A common and severe osteoporotic type fracture in older women is a hip fracture. It is not clear whether bone turnover parameters measured in blood can be a useful tool to predict fracture risk in older persons. The aim of the current study was to assess the association between serum vitamin D (25OHD) levels, parathyroid hormone (PTH), total osteocalcin, carboxy-terminal collagen crosslinks (CTX) and hip fractures in older fallers.
Material and methods
A single centre, prospective cohort study of bone parameters was carried out in 400 female patients aged > 70 years including 200 with a hip fracture and 200 without fractures, admitted after a fall between January 2005 and December 2007.
Serum total osteocalcin levels were significantly lower in the fracture group compared to the non-fracture group (20.4 ng/ml vs 26.1 ng/ml, respectively, p = 0.01). This finding remained significant after exclusion of the patients on bisphosphonates (p = 0.003). There were no significant differences in 25OHD, PTH or CTX levels between the two groups.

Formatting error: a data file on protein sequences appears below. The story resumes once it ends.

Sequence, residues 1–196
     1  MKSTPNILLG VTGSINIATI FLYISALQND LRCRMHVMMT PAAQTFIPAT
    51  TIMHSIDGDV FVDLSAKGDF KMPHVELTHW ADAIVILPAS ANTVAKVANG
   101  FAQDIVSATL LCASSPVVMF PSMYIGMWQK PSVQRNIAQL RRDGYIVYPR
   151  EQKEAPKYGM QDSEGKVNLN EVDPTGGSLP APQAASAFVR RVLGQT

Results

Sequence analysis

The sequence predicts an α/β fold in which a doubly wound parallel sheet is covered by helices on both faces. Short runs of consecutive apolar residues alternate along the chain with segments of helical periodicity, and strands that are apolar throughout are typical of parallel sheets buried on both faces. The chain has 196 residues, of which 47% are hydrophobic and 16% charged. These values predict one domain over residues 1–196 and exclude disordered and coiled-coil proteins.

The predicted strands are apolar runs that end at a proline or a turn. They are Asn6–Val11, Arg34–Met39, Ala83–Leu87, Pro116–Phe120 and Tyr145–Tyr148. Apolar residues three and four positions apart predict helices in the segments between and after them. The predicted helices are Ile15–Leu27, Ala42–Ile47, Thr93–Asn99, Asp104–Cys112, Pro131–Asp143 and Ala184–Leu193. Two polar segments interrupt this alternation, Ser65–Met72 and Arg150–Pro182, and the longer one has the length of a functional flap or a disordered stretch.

In the current study there was an association between the presence of a hip fracture and lower total serum osteocalcin concentrations. This could be indicative of low bone turnover osteoporosis in these women. An association for other bone turnover markers was lacking.